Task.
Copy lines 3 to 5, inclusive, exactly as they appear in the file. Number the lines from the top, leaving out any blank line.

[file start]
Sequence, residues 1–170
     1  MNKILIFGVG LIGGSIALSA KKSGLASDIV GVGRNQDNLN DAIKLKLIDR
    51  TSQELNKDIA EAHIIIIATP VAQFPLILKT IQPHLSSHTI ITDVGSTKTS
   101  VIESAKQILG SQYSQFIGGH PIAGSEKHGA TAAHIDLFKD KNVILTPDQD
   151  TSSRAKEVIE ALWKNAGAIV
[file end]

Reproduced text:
    51  TSQELNKDIA EAHIIIIATP VAQFPLILKT IQPHLSSHTI ITDVGSTKTS
   101  VIESAKQILG SQYSQFIGGH PIAGSEKHGA TAAHIDLFKD KNVILTPDQD
   151  TSSRAKEVIE ALWKNAGAIV